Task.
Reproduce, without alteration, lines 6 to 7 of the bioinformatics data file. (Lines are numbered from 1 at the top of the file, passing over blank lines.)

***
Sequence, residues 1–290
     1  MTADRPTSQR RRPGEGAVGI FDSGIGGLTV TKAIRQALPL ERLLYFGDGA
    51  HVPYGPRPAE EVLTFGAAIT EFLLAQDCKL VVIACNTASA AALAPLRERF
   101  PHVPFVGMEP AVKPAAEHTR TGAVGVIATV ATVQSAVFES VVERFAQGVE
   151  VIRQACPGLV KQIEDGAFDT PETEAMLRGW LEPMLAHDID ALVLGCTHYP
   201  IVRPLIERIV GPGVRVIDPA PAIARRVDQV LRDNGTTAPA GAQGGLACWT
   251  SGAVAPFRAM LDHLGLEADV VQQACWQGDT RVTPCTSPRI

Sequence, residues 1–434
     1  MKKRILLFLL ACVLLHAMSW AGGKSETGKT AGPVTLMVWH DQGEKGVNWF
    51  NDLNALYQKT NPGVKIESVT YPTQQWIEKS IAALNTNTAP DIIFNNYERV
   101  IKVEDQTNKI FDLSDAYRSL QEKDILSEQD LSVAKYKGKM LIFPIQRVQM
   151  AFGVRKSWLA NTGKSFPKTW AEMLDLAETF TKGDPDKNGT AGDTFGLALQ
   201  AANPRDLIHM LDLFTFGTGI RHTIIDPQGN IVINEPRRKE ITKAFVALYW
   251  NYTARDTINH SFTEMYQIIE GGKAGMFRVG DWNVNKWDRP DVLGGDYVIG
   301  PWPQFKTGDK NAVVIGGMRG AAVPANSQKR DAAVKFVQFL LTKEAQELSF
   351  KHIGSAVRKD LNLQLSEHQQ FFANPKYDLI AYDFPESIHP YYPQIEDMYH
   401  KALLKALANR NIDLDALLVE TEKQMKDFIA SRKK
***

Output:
   201  IVRPLIERIV GPGVRVIDPA PAIARRVDQV LRDNGTTAPA GAQGGLACWT
   251  SGAVAPFRAM LDHLGLEADV VQQACWQGDT RVTPCTSPRI